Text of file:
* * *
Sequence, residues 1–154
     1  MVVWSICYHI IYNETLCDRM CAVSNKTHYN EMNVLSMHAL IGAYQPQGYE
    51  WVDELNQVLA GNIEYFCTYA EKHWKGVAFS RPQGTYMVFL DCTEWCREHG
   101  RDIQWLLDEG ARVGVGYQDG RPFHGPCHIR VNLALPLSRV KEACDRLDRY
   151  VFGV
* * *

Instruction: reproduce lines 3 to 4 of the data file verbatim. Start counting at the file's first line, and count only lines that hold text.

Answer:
    51  WVDELNQVLA GNIEYFCTYA EKHWKGVAFS RPQGTYMVFL DCTEWCREHG
   101  RDIQWLLDEG ARVGVGYQDG RPFHGPCHIR VNLALPLSRV KEACDRLDRY